Criminal defence lawyer and MP Franco Debono has accused the Attorney General of downplaying a serious human rights breach when suspects were not given access to a lawyer.

His comments come in the wake of the Attorney General’s appeal of a recent landmark judgement in which Magistrate Marseann Farrugia acquitted a man accused of drug trafficking because a statement in which he admitted to the crime had been obtained without him being given access to a lawyer.

Early last year, Dr Debono, a PN backbencher, pressured the government to bring into force the relevant legal notice, making it possible for arrested suspects to consult their lawyer. The law had sat on the shelf since it was enacted by Parliament in 2002 and, for years, suspects did not have the right to a lawyer.

The Constitutional Court last month ruled that three suspects in separate cases had their human rights breached because they had no access to a lawyer before their interrogation, during which they released incriminating statements.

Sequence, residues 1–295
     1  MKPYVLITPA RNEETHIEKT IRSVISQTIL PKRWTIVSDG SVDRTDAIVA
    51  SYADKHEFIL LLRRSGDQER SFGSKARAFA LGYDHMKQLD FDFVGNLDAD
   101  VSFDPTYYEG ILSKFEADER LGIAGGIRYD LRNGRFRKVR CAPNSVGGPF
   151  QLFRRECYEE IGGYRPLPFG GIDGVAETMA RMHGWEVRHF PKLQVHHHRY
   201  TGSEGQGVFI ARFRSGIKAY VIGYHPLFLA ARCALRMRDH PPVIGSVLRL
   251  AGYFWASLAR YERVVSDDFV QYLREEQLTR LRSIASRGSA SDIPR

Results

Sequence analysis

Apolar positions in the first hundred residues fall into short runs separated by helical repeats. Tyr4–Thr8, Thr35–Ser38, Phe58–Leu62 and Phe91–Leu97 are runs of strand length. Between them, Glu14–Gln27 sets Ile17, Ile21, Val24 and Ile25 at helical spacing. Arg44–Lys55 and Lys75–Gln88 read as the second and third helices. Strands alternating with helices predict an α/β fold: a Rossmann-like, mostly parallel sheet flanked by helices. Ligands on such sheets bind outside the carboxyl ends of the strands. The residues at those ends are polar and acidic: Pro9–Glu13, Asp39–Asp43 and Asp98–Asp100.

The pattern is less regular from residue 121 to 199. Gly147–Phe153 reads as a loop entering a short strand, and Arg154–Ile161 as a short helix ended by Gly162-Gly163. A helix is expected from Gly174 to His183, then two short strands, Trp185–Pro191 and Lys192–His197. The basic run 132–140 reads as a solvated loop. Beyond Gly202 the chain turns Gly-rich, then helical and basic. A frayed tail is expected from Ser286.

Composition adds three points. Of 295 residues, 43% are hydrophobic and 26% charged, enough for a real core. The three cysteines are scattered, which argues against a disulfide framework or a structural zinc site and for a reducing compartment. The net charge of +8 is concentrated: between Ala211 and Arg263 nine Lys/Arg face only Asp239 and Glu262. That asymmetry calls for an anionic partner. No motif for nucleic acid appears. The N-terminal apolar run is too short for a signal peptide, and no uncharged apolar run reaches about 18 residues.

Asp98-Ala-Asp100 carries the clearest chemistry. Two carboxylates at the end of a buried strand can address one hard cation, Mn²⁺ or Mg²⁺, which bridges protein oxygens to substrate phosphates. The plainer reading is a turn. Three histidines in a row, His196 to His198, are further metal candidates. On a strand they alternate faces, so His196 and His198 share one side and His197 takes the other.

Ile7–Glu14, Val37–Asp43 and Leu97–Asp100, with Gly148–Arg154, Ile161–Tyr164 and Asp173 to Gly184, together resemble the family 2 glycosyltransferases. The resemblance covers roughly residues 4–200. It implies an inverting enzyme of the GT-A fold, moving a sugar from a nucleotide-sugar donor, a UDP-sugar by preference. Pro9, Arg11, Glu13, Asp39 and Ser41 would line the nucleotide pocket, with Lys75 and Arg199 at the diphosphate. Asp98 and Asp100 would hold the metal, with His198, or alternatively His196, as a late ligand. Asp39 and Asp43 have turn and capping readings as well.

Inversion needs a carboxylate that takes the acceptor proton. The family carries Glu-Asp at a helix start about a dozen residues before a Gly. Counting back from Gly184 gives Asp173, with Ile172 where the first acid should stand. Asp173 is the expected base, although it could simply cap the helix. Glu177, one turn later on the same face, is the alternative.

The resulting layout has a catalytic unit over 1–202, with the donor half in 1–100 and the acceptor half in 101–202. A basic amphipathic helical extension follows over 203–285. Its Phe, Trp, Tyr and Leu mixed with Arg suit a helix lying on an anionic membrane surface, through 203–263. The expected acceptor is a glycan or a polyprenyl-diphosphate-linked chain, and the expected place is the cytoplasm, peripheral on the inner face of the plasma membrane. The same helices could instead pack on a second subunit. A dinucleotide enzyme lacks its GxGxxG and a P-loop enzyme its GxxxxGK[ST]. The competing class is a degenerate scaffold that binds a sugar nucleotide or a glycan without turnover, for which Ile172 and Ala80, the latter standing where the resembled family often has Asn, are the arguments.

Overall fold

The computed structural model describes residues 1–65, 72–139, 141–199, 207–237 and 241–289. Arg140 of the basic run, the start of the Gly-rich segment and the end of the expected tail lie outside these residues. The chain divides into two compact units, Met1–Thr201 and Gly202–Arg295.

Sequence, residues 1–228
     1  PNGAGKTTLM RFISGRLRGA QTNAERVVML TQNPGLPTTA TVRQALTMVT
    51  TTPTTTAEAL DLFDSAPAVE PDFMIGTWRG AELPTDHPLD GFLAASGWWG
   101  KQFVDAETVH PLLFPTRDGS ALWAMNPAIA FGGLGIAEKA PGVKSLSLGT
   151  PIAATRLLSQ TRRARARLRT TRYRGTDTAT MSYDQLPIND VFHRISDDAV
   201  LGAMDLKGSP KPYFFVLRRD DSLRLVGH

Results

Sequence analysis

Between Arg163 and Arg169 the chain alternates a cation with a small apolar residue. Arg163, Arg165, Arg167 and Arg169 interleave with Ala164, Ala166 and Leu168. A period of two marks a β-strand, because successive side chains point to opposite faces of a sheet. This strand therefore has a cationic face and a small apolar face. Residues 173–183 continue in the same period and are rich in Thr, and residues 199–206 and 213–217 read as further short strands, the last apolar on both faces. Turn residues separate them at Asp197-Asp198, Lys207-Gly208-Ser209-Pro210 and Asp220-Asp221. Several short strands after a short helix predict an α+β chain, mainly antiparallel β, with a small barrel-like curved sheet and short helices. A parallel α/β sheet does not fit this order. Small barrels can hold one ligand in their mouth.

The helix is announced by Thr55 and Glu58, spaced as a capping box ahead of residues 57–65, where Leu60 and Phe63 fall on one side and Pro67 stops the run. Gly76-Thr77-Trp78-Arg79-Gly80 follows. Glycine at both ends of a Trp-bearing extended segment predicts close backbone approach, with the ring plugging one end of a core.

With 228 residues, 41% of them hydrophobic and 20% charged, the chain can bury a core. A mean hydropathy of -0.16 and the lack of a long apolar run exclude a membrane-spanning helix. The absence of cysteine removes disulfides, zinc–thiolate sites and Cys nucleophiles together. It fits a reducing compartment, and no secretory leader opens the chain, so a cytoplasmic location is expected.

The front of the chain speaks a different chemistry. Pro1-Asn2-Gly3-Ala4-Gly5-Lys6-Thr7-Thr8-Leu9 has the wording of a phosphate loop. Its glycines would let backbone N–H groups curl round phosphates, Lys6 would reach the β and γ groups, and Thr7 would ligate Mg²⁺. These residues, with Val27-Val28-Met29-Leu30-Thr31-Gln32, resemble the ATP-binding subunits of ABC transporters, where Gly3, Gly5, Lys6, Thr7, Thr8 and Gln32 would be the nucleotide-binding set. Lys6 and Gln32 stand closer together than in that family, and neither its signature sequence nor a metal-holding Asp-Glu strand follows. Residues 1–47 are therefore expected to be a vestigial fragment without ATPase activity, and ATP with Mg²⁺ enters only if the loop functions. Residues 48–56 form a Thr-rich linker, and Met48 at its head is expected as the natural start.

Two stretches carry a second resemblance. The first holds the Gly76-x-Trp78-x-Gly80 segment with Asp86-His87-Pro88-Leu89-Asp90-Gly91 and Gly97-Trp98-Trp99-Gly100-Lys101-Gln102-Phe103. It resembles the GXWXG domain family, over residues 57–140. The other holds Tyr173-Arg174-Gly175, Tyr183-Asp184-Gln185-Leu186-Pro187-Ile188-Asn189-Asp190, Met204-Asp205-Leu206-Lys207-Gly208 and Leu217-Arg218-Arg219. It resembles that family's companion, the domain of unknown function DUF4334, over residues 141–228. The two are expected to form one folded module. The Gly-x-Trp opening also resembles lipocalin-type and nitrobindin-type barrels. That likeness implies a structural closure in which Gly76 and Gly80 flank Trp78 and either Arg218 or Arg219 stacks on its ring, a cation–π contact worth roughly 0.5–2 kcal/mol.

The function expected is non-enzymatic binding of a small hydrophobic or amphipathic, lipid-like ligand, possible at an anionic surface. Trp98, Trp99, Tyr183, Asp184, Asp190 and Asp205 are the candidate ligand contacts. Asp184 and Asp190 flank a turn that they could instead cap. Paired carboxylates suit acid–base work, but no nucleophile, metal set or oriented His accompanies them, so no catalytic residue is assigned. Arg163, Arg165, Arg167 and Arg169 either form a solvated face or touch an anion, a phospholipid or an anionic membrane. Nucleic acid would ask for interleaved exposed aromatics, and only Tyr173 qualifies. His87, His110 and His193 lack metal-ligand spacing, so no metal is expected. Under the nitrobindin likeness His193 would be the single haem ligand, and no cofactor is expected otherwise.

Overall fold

On the basis of the ruling, a man has been acquitted of drug trafficking charges and others in similar situations, including the convicted killer of a Gozitan warden, are following suit asking for their cases to be reviewed. Attorney General Peter Grech said the point on which he disagreed with the Magistrates’ Court was when it ruled that the statement should be disregarded completely because the Constitutional Court did not say so.

Dr Grech said one should take a step back and keep from drumming up a panic about this issue because there had been breaches in the past and the relevant laws were amended.

Dr Debono asked if the Attorney General thought it was a serious issue that Malta was the only European country not to have the law prior to 2010. Furthermore, it was certainly a matter of grave concern that, potentially, every statement taken prior to the enactment of the law was in breach of a suspect’s fundamental human rights.

Independent journalism costs money. Support Times of Malta for the price of a coffee.

Support Us